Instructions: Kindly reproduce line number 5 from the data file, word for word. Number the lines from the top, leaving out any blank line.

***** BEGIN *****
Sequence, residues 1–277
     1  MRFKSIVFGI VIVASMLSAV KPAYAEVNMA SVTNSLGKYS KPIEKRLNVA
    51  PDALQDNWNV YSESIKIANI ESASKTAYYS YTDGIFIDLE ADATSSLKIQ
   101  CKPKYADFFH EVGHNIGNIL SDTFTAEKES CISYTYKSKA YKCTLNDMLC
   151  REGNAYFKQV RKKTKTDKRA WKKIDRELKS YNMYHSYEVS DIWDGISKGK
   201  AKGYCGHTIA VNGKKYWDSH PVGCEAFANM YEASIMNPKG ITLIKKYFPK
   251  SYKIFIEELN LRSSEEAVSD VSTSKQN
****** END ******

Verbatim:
   151  REGNAYFKQV RKKTKTDKRA WKKIDRELKS YNMYHSYEVS DIWDGISKGK